Once you feel the interfaces of your product are as tight as can be, and you’ve amended your brand vocabulary where necessary, it’s time to turn to your system emails.
Reviewing system emails
To do this, go back through your interfaces from start to finish, as a user would, for each process. Each time you complete an action that triggers an email or notification (or is triggered by one), check that that notification reflects:
- the context of the trigger within your product
- the language used within that context
- the user’s context on receiving the notification
- the context into which you want them to move.
That sounds a bit complicated, but all it means is that when the user gets a notification, they need to know who it’s coming from, why, and what they need to do about it (if anything).
So, for example, if the trigger for the notification is that the user clicked “Sign up” and entered a username and password to join your service, you might want to reference their “sign up” in the system email.
Maybe you’ll thank them for signing up. And perhaps you’ll provide them with links to key pages on your site or in your help content to make it easy for them to get started using your product.
You’ll probably also want to ensure consistency between the emails as you do this, so that they carry the same branding, tone, vocabulary, and so on throughout.
Reviewing marketing content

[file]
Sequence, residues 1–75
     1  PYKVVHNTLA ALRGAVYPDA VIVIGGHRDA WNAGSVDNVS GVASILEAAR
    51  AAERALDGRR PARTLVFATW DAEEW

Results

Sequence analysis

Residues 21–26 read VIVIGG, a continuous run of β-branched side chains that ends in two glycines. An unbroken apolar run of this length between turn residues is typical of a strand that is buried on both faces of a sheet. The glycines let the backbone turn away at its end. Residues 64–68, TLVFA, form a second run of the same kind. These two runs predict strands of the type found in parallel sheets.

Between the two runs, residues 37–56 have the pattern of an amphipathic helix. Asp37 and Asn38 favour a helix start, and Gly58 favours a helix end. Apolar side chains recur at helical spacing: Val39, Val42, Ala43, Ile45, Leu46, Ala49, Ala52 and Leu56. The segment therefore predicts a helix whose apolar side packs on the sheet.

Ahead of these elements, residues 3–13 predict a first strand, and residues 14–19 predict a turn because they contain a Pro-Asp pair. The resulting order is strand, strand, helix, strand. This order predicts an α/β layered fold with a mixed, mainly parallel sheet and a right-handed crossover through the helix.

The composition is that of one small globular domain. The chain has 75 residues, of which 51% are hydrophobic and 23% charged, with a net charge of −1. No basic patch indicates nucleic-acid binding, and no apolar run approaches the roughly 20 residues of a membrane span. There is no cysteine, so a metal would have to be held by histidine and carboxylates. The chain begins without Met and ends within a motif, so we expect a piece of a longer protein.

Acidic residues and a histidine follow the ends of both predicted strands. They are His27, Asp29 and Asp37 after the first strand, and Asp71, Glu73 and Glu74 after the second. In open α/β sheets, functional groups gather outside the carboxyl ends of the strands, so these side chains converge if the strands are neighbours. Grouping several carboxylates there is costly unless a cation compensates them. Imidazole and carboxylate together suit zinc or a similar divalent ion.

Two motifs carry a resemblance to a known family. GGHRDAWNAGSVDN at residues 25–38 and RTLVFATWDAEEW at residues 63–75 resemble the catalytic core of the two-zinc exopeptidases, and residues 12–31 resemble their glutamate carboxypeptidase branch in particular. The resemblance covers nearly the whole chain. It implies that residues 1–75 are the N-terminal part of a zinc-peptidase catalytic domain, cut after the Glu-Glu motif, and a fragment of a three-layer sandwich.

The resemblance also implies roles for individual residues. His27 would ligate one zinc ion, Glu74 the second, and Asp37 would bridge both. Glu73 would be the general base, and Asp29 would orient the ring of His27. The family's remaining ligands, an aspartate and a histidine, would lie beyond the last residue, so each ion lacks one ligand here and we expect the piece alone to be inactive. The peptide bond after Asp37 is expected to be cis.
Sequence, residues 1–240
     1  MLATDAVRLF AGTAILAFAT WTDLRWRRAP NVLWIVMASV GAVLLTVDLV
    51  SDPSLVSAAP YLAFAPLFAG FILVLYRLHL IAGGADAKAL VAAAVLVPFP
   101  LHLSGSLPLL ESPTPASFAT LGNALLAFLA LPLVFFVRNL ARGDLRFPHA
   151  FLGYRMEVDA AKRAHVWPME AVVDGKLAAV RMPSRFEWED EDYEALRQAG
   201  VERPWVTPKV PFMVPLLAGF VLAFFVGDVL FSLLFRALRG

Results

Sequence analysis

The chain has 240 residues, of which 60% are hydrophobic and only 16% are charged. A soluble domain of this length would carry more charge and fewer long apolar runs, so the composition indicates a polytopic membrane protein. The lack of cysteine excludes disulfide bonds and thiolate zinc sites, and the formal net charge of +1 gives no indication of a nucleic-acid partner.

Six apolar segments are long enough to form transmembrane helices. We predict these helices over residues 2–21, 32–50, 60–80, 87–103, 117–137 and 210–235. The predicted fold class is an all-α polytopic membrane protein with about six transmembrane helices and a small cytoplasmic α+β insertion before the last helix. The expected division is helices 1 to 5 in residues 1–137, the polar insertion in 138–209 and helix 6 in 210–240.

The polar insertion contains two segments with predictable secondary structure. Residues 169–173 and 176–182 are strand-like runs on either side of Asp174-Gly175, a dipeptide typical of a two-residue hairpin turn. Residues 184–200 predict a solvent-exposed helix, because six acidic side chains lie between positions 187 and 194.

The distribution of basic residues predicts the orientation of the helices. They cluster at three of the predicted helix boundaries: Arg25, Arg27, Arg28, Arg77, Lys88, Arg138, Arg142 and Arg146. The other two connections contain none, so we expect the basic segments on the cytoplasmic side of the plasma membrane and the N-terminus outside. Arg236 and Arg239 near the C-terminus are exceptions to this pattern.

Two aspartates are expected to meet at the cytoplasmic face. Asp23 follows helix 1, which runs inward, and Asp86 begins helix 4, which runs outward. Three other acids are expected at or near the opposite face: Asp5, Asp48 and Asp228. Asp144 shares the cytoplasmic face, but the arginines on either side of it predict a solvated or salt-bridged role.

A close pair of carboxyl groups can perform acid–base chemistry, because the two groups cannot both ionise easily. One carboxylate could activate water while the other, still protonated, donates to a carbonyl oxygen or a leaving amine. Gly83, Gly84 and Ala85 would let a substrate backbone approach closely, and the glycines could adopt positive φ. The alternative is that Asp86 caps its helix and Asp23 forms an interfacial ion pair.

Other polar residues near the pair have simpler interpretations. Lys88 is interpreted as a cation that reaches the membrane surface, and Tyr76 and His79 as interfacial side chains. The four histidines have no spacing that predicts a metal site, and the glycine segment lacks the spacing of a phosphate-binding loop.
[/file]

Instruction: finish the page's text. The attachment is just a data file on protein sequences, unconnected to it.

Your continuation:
At the very least, if in the process of the previous two steps, you’ve changed the wording in some interfaces, you might need to retake screen captures for marketing collateral and FAQs.
You might also need to alter the on-screen references in your help content, or instructions in promotional emails.
And if you’ve tweaked your brand vocab, you might need to alter certain references in your marketing materials.
A recent post-launch copy review that I was part of significantly strengthened the brand’s voice through the product interfaces.
It wasn’t an outcome I was expecting, but the post-launch review allowed us to tweak our interfaces to a sort of “final version” that built on all the prior “drafts” on interface text we’d used through user and beta testing.
This final review allowed us to combine everything we’d learned about our userbase along with our growing sense of the (new) brand’s and product’s position and personality.
The post-launch review shifted out instructional text forward from merely functional to clear and friendly. Our system emails improved from stilted but successful to relaxed, efficient and effective. And our sales and help content complemented the product so closely that they made the usage experience seem almost effortless.
Not a bad outcome for a few hours of work.
Do you complete post-launch reviews of your product’s interfaces and materials that surround and support them? I’d love to hear about it in the comments.
Georgina has more than fifteen years' experience writing and editing for web, print and voice. With a background in marketing and a passion for words, the time Georgina spent with companies like Sausage Software and sitepoint.com cemented her lasting interest in the media, persuasion, and communications culture.